Himbabao: An indigenous vegetable loved by Ilocanos

Featured photo by meineresterampe.

By Patricia Bianca S. Taculao

Was there a time when you encountered Ilocano cuisine and you noticed a strange ingredient that’s long, green, and looks like it’s from out of this world? No need to fret!

The strange vegetable is called himbabao (Broussonetia luzonica) and it’s actually a flower from a tree of the same name. 

Internationally known as Birch flower, the Himbabao, or Alukon in Ilokano, comes from a medium-sized perennial tree that can grow up to reach a height similar to a main electric pole or more. 

The tree thrives all over the Philippines and its fruit commonly used as a vegetable in particular areas of Luzon. Himbabao thrives well in underbrushes located in low and medium altitude and dipterocarp forests. 

Himbabao bears male and female flowers on separate trees. The male flowers, known as catkins, are valuable and can be seen hanging from tree branches like twisted or curved tubes that are about 10 centimeters in length. 

Catkins are yellowish white with a hint of green and are covered with short wooly hairs. Meanwhile, the female flowers are misshapen greenish globes with scales which the Ilocanos call “mild spinach.” 

Flowering season extends from February to April, when himbabao trees are covered with floral spikelets that are harvested by Ilocanos as an ingredient for their vegetable dishes such as dinengdeng, inabraw, and pinakbet

Aside from its culinary use, himbabao also has benefits. Its tree has important functions in agro-ecosystems because its dense foliage effectively blocks out the sun thus making them good shade plants for abaca and other similar crops. 

It can also be used as the pioneer species for reforestation attempts of denuded areas and a means to manage areas near rivers or waterways.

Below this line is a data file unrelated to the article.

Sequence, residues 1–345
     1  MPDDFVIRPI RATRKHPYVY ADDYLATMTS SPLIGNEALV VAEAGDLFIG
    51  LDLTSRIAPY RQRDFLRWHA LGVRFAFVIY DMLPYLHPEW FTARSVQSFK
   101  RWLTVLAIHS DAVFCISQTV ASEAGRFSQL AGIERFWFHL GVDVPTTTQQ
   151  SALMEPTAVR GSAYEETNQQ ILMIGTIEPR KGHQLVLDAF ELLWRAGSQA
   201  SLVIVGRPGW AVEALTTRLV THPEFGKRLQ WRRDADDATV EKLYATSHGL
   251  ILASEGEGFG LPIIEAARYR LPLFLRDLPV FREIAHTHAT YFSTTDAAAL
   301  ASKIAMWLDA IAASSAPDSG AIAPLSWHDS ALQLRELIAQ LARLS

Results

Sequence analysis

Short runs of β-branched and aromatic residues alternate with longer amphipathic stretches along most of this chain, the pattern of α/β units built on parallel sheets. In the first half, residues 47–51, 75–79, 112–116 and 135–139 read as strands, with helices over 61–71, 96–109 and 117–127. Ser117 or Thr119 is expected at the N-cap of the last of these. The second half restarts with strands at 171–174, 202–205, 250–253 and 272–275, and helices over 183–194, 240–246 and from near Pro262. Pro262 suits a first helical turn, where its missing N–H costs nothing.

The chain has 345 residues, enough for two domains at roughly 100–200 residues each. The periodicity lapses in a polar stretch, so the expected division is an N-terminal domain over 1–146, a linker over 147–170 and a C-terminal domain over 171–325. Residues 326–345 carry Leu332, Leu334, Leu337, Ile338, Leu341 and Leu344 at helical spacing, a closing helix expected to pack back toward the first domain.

However, growing himbabao isn’t easy since its seeds form only when male and female flowers are close to each other. If pollination doesn’t seem to be an option, himbabao can be propagated through cuttings. 

The tree is also susceptible to attacks from aphids, mites, white flies, as well as butterfly and moth larvae. 

Nonetheless, the himbabao is one indigenous vegetable that shouldn’t be overlooked! 

The information written above was taken from the “Indigenous vegetables of the Philippines” which is a project funded and coordinated by the Philippine Council for Agriculture, Aquatic and Natural Resources Development of the Department of Science and Technology (DOST-PCAARD) and implemented by the Institute of Crop Science (ICropS), College of Agriculture and Food Science, University of the Philippines Los Baños (UPLB) in 2018 to 2019.

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Patricia Bianca S. Taculao
Patricia Taculao, or Patty as she likes to be called, is a content producer for Manila Bulletin Digital Lifestyle. She graduated from University of Santo Tomas with a bachelor’s degree in Journalism. She loves to spend her free time, reading, painting, and watching old movies.

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